Burlington County health officials are urging county residents to remain vigilant as the county sees an uptick in COVID-19 infections.
MOUNT HOLLY — Health officials are urging vigilance following reports that Burlington County is an emerging “hot spot” for COVID-19 infections, particularly among teens and young adults.
Health Department Director Dr. Herb Conaway on Friday said the county is seeing an uptick in daily new cases. Over the last two weeks, coronavirus cases have increased from about 15 new cases a day to about 35 new cases a day, according to Conaway.
But, Conaway noted, the county continues to keep close watch on testing data and is contact tracing new cases.
“While this uptick is certainly cause for concern, we also believe that common-sense measures and adherence to the state’s social-distancing rules and guidance can contain the spread,” Conaway said in a news release Friday.
Maintaining social distancing — to the extent possible — will be even more crucial when school starts, he said.
“Just because you don’t experience symptoms, does not mean you are not necessarily a carrier for the disease,” Conaway said. “For this reason, social distancing, at all ages, continues to be paramount, in stopping the spread of COVID-19.”
The health department director encouraged county residents to wear masks in public and said anyone who is showing coronavirus symptoms or has visited another state on New Jersey’s quarantine list should get tested.
“If everyone does their part, we can stop this recent uptick from growing into a much more serious outbreak,” Conaway said.
While daily cases are increasing, Burlington County in recent days has seen some of its lowest death tolls since the outbreak began, data shows.
Gov. Phil Murphy at his daily coronavirus briefing similarly urged people to continue to use common-sense precautions to guard against coronavirus infection and spread.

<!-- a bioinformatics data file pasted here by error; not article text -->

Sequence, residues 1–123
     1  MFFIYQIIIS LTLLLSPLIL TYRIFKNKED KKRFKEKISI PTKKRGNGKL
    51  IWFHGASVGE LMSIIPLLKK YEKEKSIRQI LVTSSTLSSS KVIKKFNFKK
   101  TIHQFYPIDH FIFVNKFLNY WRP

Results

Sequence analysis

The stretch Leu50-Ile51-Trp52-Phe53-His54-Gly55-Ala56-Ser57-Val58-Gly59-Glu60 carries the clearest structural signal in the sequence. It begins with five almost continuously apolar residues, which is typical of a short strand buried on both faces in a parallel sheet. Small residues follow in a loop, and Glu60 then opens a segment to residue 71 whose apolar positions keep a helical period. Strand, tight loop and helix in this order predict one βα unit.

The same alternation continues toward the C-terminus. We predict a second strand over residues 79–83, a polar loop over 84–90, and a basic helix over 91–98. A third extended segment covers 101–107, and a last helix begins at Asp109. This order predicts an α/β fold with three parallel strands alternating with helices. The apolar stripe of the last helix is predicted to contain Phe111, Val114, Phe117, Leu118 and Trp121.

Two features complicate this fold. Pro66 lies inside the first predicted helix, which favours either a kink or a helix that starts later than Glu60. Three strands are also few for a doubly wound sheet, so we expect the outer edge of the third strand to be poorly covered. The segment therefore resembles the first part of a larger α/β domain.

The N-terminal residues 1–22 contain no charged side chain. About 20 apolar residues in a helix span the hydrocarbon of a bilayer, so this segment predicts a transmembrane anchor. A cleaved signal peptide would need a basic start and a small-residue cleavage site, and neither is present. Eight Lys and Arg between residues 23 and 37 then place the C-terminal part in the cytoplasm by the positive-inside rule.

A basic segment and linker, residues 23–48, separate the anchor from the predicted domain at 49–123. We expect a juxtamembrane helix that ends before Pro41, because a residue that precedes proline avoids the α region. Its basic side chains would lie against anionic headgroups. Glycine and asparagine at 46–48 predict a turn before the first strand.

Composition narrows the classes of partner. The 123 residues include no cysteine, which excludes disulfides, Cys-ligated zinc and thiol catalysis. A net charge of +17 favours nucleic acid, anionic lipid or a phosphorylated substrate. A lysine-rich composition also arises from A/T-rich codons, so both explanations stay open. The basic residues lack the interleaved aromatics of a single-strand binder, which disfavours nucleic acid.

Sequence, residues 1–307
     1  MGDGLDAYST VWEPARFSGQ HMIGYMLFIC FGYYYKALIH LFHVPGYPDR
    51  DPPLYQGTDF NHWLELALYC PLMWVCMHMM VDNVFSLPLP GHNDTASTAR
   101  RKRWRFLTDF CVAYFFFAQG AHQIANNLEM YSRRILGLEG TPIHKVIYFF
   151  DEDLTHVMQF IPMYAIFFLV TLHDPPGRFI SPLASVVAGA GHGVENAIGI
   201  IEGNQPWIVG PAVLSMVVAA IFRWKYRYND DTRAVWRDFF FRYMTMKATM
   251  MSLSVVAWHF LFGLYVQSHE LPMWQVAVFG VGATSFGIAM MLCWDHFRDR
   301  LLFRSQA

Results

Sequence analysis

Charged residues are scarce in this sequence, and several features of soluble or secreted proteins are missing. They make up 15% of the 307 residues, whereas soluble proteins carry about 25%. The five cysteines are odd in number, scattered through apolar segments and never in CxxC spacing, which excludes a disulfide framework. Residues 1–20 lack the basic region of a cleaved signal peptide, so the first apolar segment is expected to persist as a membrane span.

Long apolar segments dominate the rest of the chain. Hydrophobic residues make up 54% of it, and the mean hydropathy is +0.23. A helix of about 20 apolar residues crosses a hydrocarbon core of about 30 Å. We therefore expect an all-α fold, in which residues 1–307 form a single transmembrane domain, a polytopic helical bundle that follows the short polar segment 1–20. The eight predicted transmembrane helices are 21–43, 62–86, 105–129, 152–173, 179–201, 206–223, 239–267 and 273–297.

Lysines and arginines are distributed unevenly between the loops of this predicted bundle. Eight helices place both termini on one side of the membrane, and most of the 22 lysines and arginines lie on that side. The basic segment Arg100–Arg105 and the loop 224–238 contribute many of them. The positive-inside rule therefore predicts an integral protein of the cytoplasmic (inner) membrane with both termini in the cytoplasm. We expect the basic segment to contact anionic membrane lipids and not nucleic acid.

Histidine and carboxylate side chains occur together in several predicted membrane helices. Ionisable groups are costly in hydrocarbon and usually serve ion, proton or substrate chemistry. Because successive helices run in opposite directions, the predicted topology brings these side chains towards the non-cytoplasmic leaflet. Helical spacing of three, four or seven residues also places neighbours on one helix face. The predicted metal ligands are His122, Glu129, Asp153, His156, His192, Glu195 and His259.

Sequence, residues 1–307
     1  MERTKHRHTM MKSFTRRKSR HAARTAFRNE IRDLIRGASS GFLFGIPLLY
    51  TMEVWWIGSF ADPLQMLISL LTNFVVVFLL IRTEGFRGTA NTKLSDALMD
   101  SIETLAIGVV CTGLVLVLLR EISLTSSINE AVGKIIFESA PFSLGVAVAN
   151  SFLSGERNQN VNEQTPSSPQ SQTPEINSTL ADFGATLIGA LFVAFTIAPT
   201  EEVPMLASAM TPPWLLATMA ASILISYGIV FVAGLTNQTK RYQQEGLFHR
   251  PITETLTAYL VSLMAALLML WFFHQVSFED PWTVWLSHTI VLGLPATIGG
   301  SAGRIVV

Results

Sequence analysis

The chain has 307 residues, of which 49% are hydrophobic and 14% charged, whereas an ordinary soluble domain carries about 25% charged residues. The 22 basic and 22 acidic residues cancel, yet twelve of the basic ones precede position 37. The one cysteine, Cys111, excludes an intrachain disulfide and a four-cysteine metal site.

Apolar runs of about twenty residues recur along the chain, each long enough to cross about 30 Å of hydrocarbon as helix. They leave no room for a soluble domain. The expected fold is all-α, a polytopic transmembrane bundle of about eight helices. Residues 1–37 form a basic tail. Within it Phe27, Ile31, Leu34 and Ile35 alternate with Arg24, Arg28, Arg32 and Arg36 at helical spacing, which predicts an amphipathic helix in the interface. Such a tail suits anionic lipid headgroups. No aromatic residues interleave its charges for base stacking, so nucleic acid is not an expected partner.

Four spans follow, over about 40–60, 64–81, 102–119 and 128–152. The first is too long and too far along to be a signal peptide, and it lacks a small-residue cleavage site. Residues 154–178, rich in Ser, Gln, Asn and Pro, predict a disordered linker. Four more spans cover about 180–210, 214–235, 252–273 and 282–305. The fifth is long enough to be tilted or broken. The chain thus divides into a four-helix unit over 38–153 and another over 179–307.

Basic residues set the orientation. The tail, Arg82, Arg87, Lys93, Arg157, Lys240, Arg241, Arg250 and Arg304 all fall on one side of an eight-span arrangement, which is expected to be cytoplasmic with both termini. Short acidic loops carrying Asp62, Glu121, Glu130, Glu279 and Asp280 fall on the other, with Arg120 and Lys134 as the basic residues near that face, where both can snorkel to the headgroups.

Statewide, the rate of transmission has increased to 1.35 — meaning that, on average, every three coronavirus-positive people will infect four more.
The governor, at his news conference, also honored an Evesham business that, he said, has successfully innovated during the pandemic.
Joy’s Hallmark on Maple Avenue — which has been owned and operated by Joy and Ron Monokian for about 30 years — is an example of a small business that has taken advantage of Economic Development Authority funding and will be a “vital part of our long-term economic recovery,” Murphy said Friday.
“We know this pandemic has been nothing short of an economic crisis, as much as it has been a public health crisis, and that is why I am proud of the work of the New Jersey Economic Development Authority to pump $100 million directly into our small business sector,” Murphy said. “One of those small businesses we’re proud to have partnered with is Joy’s Hallmark.”
Murphy said that since 1987 the Evesham gift shop has helped customers celebrate “holidays, birthdays, weddings, graduations and, frankly, everything in between,” but noted that “when the pandemic hit, their store took a hit too.”
Ron Monokian secured direct grant assistance through the EDA, money that allowed Joy’s Hallmark to continue operating and paying employees, according to the governor.
“I had the great pleasure of speaking with Ron on Wednesday afternoon and I know he shares our optimism about the days ahead, although he reminded me he’s still 25% off of where he was last year,” Murphy said.